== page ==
WASHINGTON, D.C. — It’s a risky move by President Joe Biden that could come back to haunt him — and future presidents — in the hyperpartisan world of Washington politics.
Democrat Biden has agreed to a request from Congress seeking sensitive information on the actions of his predecessor Donald Trump and his aides during the Jan. 6 Capitol protest, though the former president claims the information is guarded by executive privilege.
The move by Biden isn’t the final word; Trump says he will challenge the requests and a lengthy legal battle is likely to ensue over the information. Courts have ruled that former presidents are afforded executive privilege in some cases.
But the playbook for the legal world is different from the political world. And in the political world, “every time a president does something controversial, it becomes a building block for future presidents,” said Saikrishna Prakash, a law professor at the University of Virginia who studies presidential powers.
Biden’s decision not to block the information sought by Congress challenges a tested norm — one in which presidents enjoy the secrecy of records of their own terms in office, both mundane and highly sensitive, for a period of at least five years, and often far longer. That means Biden and future presidents, as well as Trump.
While not spelled out in the Constitution, executive privilege has developed to protect a president’s ability to obtain candid counsel from his advisers without fear of immediate public disclosure and to protect his confidential communications relating to official responsibilities.
But that privilege has its limitations in extraordinary situations, as exemplified during the Watergate scandal, when the Supreme Court ruled that it could not be used to shield the release of secret Oval Office tapes sought in a criminal inquiry, and following the Sept. 11 terrorist attacks.
The Jan. 6 protest belongs among those ranks, Biden’s White House counsel wrote to the keeper of records, the Archivist of the United States.
“This committee is investigating a dark day in our democracy — an attempt to undermine our Constitution and democratic processes by the former president — and that context, I think, is important here, too,” White House press secretary Jen Psaki said of the congressional panel seeking the records.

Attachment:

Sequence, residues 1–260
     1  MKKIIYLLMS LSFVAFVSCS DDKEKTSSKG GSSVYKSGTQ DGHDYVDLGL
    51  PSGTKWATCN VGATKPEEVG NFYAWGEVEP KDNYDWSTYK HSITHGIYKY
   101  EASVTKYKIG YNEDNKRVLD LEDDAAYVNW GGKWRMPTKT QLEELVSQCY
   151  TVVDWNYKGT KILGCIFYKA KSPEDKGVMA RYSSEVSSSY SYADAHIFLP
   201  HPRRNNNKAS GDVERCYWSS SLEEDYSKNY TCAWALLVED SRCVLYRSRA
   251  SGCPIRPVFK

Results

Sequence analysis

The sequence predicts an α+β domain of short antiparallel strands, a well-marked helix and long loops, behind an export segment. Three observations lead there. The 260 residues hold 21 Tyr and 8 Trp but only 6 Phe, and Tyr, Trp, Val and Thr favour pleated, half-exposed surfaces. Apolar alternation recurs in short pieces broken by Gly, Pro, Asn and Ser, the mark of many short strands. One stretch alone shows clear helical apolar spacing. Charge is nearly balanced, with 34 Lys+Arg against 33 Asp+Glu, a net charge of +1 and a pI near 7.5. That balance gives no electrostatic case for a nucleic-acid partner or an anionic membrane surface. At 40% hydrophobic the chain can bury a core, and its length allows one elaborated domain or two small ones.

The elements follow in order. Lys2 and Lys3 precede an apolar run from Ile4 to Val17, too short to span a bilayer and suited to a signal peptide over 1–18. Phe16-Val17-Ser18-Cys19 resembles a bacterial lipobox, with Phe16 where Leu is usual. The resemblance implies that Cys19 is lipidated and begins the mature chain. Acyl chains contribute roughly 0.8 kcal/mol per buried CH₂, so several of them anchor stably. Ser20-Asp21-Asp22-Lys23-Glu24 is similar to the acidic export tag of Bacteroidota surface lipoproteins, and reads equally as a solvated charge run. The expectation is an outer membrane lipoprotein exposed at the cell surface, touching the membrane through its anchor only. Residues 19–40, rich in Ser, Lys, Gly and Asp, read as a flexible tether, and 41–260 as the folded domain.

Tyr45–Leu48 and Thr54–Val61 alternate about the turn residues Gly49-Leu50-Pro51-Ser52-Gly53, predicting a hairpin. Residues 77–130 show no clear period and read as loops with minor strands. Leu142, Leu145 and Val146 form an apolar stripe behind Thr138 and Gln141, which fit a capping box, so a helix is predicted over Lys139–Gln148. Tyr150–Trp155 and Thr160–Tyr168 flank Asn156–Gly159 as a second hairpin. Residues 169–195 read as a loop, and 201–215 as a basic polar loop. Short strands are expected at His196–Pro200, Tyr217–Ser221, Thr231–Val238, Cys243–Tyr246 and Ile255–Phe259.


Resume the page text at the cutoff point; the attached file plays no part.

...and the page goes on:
If history is any guide, once the door to reviewing past presidential records is ajar, future Congresses and presidents could swing it open further as politics warrant.
It’s a path followed by other Washington norms in the increasingly rancorous capital. In 2013, Democrats deployed the so-called nuclear option to eliminate the filibuster that would require 60 votes to approve most presidential appointments and nominations, but maintained it for legislation and Supreme Court picks. In 2017, when Republicans took control of Washington, they took the tactic further, and during the Trump years, they put three justices on the high court by simple majority votes.
Presidents tend to be protective of their ability to keep White House documents private, both for themselves and their predecessors. But any White House move to deny the congressional request for records on Trump’s activities could antagonize Democratic legislators just when Biden needs their support to advance his agenda.
According to an executive order on presidential records, the archivist of the United States “shall abide by any instructions given him by the incumbent President or his designee unless otherwise directed by a final court order.”
“Congress is examining an assault on our Constitution and democratic institutions provoked and fanned by those sworn to protect them,” White House counsel Dana Remus wrote in a letter to the archivist. “The constitutional protections of executive privilege should not be used to shield, from Congress or from the public, information that reflects a clear and apparent effort to subvert the Constitution itself.”
Trump responded with his own letter to the National Archives formally asserting privilege over nearly 50 documents.
Referring to the Presidential Records Act, Trump wrote, “I hereby make a protective assertion of constitutionally based privilege with respect to all additional records.” He said if the committee seeks other information he considers privileged information, “I will take all necessary and appropriate steps to defend the Office of the Presidency.”